Among the most important factors in constructing group cohesion within a workplace is trust. Since individual employees possess their own values and beliefs, it can take time for each team member to develop trusting relationships with other coworker. Once trust is established, an employee is better able to focus on their individual tasks and trust that other employees abide by similar standards. Trust also permits employees to share advice within their cohort when finding themselves in an unfamiliar situation. Ultimately, trust enhances connectedness among coworkers and serves to promote group cohesion.
 
Group similarity is another important factor in building cohesive relationships within the workplace. Greater similarity among coworkers increases the ease at which a group can attain cohesiveness (Wikipedia, 2009). Similarities among coworkers become more apparent when placed in stressful situations, since conditions possessing high external threat or competition strengthen group cohesion and promote success.
 
In order to achieve group cohesion, an employer must examine entry criterion for a particular group. The more difficult it is to join a company’s network of employees, the more likely group cohesion can be obtained. Feeling as if one is part of an elite work group promotes closer relationships among team members and increases one’s drive to remain motivated and dedicated within the group, thus building group cohesiveness.
 
Now that group cohesion and its contribution to the success of a team have been discussed, it is important to recognize how an employer might promote group cohesion in his or her organization over time. Below are listed suggestions on how one might strive to establish and enhance cohesive relationships within the workplace. These suggestions are to be utilized as basic guidelines yet can be altered to accommodate varying offices/organizations.
 
          Three Tips to Maintaining Group Cohesiveness in the Workplace Throughout the Year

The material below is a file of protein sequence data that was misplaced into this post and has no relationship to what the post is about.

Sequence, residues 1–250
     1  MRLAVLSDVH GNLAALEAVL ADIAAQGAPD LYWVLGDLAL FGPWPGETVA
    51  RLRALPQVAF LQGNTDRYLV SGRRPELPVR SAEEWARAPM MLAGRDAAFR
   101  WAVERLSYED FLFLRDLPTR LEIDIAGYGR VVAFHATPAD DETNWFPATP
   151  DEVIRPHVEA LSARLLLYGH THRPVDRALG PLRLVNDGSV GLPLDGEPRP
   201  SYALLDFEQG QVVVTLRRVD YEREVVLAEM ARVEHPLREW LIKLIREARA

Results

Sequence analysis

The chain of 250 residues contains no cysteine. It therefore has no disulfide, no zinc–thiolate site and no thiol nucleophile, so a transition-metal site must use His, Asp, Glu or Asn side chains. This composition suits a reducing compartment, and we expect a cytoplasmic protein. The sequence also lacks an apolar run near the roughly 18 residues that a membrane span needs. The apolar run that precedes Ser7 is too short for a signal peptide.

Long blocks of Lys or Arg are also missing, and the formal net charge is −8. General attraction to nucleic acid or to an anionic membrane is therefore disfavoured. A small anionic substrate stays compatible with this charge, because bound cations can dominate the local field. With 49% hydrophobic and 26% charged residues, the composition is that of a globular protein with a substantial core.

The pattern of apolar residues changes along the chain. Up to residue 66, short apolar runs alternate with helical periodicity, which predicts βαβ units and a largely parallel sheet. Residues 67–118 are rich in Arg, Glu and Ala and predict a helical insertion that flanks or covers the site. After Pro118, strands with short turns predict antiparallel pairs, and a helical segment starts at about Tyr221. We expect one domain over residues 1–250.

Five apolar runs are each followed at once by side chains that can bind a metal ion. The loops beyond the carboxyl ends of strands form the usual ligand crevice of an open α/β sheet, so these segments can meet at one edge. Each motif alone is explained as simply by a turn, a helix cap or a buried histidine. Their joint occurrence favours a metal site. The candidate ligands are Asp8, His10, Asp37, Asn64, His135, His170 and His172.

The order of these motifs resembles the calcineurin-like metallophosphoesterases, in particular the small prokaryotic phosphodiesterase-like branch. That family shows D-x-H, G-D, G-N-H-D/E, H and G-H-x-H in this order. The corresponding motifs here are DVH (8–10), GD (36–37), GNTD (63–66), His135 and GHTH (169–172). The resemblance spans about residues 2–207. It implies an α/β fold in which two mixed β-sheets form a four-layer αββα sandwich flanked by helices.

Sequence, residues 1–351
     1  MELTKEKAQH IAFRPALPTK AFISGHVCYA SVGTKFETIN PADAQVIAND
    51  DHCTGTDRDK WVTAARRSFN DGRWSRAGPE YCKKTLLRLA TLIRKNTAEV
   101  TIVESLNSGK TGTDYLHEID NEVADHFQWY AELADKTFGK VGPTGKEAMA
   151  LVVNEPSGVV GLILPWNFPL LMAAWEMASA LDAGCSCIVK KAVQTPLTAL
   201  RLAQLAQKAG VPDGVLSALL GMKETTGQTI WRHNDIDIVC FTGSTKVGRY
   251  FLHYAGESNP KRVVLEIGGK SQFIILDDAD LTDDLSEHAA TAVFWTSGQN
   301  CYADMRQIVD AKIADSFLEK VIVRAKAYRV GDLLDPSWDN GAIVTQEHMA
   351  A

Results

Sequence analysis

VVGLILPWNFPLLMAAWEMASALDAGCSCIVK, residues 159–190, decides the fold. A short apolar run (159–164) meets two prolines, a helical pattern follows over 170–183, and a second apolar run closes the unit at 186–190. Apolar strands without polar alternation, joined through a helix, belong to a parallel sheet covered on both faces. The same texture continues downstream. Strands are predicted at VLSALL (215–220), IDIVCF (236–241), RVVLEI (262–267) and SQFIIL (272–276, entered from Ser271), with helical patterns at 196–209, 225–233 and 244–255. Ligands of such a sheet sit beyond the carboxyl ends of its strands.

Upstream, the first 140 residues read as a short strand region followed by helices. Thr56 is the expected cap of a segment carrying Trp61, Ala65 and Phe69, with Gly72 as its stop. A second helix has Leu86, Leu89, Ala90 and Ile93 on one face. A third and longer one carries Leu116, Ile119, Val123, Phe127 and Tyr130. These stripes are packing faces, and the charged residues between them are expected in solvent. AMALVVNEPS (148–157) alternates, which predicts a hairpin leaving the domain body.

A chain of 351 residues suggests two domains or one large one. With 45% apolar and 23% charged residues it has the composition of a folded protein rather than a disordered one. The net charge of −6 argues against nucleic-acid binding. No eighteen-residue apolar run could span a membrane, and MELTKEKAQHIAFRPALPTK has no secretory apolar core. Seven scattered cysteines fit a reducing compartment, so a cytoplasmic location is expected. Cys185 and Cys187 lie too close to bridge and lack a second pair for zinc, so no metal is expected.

1.     In the summer, plan a fun activity, possibly outdoors, like a family day at the park to allow employees and their family members interact with one another. This will be especially helpful to new employees, allowing them to introduce their family and to meet their co-workers families. This day will allow everyone to get to know each other and to feel a part of the workplace family, thus strengthening group cohesiveness.
 
2.     Throughout the year, try to celebrate each employee’s birthday, providing refreshments for all employees to enjoy. This will allow each employee to feel special and realize that their employers care about them. Allowing employees to eat and celebrate together furthers co-workers appreciation for each other and for their employers, enhancing cohesion. If the company is too big to celebrate each employee individually, consider holding a party at the end of each month to celebrate all those whose birthdays fell during that month.  
 
3.     At the end of year, hold a Holiday/New Year’s Party, another great opportunity for families to interact with one another. At some point during the party, announce or discuss group and individual accomplishments that were achieved during that year. This will strengthen group cohesion and employees who are recognized may be likely to work harder. Also, discuss goals for the following year. You may also do a fun activity, such as funny awards to recognize individuals.
Related Articles on the CPANCF.COM website:
 
 
         References
 
Festinger, L., Schachter, S., & Back, K. (1950). Social pressure in informal groups. New York: Harper and Row.
Tuckman, B. W. (1965). Developmental sequence in small groups. Psychological Bulletin, 63, 384-399.
Wikipedia. (2009). Group Cohesiveness. Retrieved September 18, 2009, from http://en.wikipedia.org/wiki/Group_cohesiveness.